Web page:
To show the multicolored rainbow animation, place the “strip show animation” block into the forever loop. It’s located under Light > NeoPixel.

How to Drive NeoPixels using Circuit Playground Express How to Drive NeoPixels using Circuit Playground Express

Connecting the NeoPixel Ring

The NeoPixel ring requires only three connections to the Circuit Playground Express for it to work correctly.

How to Drive NeoPixels using Circuit Playground Express

The VIN pin connects to the Circuit Playground Express 3.3 V pin, the data pin connects to A1, and the GND pin connects to GND. For this project I used solid core wires that were stripped on one side and connected to an alligator clip on the other side.

How to Drive NeoPixels using Circuit Playground Express

Downloading the program to the Circuit Playground Express

Before we use the Circuit Playground Express, we need to download our code from MakeCode. To do this, click the “Download” button and then open the folder which the file is downloaded to. In my case, this folder is the generic “Downloads” folder in Windows 7.

How to Drive NeoPixels using Circuit Playground Express

Getting programs made using MakeCode onto the Circuit Playground Express is very easy. The first step requires you to plug the board into your PC via a USB micro b cable and then press the reset button. If the lights change to red, wait until all the lights turn green. If nothing happens, keep pressing the reset button until all the lights turn red and wait until they turn green. When the lights turn green, the board will be in program mode. You should see a flash drive prompt on your computer.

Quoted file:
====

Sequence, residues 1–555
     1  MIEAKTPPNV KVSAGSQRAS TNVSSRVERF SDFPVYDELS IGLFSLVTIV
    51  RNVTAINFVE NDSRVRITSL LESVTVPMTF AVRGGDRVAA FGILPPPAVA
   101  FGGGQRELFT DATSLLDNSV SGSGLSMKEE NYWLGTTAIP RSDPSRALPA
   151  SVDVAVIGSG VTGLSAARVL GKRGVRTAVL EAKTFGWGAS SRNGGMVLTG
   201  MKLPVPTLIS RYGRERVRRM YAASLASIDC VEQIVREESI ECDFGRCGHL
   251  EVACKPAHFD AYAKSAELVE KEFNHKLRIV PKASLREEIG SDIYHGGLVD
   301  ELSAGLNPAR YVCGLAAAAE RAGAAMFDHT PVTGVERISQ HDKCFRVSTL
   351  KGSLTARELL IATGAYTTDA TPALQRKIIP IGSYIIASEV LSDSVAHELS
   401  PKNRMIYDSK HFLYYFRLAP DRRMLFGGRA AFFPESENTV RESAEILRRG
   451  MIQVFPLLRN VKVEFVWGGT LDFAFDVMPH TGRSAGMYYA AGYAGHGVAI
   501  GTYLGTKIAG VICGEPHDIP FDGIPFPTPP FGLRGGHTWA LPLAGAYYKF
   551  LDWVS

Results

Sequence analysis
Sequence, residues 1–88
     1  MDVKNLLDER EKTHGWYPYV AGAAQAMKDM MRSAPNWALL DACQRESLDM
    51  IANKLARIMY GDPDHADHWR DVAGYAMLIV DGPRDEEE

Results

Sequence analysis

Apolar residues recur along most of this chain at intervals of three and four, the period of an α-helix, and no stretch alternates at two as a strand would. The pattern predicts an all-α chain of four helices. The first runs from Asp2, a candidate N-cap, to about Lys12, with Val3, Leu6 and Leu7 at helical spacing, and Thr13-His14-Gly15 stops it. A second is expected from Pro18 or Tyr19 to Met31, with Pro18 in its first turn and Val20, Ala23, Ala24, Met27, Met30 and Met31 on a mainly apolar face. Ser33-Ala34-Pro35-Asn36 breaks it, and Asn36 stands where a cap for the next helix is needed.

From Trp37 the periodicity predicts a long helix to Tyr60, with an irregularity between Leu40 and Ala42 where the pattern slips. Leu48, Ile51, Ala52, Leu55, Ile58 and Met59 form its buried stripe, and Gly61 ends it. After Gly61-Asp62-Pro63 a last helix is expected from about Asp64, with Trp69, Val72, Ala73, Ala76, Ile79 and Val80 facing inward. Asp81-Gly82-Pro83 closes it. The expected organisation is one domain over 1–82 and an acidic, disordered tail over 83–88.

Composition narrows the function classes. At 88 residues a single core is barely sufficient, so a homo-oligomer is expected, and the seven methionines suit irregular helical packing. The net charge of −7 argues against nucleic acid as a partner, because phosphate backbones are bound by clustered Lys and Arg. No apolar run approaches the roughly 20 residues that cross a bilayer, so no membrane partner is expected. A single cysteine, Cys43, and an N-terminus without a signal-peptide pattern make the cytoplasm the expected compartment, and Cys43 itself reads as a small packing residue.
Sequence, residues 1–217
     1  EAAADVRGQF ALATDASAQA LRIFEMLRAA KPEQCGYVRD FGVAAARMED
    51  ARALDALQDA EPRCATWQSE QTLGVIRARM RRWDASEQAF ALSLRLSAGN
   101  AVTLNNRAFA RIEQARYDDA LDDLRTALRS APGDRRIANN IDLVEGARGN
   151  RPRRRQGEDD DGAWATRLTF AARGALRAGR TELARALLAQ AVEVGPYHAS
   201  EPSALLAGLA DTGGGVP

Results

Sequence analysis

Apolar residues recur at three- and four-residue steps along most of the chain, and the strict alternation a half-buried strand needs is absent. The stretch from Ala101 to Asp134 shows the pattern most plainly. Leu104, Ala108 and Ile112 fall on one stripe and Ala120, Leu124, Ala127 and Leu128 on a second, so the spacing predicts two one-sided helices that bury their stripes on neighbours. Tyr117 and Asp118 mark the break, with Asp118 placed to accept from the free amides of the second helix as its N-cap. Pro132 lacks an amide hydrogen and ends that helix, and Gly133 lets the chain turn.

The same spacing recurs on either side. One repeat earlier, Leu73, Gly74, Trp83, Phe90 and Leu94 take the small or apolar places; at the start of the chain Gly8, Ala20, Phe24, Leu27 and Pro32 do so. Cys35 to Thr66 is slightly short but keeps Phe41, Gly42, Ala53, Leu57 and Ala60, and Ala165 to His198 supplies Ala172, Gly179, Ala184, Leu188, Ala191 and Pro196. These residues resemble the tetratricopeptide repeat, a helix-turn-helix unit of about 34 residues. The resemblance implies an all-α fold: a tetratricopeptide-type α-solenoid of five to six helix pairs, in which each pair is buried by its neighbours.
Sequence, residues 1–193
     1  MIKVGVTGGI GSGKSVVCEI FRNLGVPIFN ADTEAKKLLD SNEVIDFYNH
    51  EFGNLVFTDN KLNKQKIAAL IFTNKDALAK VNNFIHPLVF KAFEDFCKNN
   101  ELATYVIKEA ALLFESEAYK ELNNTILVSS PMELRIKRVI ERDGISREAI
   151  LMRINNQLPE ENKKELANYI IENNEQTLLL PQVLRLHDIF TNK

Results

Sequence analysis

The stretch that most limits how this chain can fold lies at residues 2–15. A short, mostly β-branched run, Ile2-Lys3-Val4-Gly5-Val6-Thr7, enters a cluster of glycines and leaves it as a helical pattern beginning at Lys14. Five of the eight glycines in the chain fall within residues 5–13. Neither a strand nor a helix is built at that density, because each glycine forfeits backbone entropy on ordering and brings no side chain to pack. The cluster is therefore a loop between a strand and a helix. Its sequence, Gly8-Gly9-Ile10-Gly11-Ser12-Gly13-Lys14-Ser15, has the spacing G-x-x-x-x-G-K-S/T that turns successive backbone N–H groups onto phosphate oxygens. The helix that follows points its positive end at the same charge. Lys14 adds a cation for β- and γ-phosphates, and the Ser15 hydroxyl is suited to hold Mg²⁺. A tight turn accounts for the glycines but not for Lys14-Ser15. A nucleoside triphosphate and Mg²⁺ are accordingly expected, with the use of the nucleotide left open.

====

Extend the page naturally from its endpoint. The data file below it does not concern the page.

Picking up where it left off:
How to Drive NeoPixels using Circuit Playground Express

Open the flash drive to reveal the folder and then drag the downloaded “.uf2” file into the folder. The Circuit Playground Express will then automatically program itself and reset. The program should now run and the NeoPixel ring should display a slowly changing rainbow pattern.

How to Drive NeoPixels using Circuit Playground Express

Display specific pixels

Animations are fun, but setting specific pixels is more practical for projects. This last example will make the NeoPixel ring display a single LED that rotates around the display by taking advantage of a “for loop” and some simple NeoPixel blocks.

In our main forever loop, we start by placing down a “for loop” that will count between the numbers 0 to 23 (24 counts in total). Inside the “for loop”, the first block executed is “strip clear”. This instruction clears the entire NeoPixel display so that no LEDs are displaying anything (think of this as a clear display). The next instruction sets the pixel at index to be green. Remember that the value of index increments on each loop!

How to Drive NeoPixels using Circuit Playground Express

The second to last instruction is “strip show” and this MUST be called after all pixel setting functions have been done. This instruction sends the new commands to all the NeoPixels so they can update themselves with the new image. The last instruction is a pause, helping slow down the animation on the LED display so that the LED does not rotate around the ring too fast.